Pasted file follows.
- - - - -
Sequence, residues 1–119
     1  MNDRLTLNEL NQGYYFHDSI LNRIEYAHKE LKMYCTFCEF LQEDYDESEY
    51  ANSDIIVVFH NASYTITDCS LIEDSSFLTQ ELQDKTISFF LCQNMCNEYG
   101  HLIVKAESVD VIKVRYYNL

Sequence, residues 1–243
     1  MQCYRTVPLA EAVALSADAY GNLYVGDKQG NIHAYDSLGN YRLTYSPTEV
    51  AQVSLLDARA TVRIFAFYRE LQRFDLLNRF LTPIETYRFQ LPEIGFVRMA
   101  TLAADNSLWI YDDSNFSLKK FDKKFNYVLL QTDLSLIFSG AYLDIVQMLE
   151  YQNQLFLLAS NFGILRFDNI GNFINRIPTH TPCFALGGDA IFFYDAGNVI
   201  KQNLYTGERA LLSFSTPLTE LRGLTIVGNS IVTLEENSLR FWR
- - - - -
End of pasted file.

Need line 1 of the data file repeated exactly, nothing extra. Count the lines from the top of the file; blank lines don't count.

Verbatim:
Sequence, residues 1–119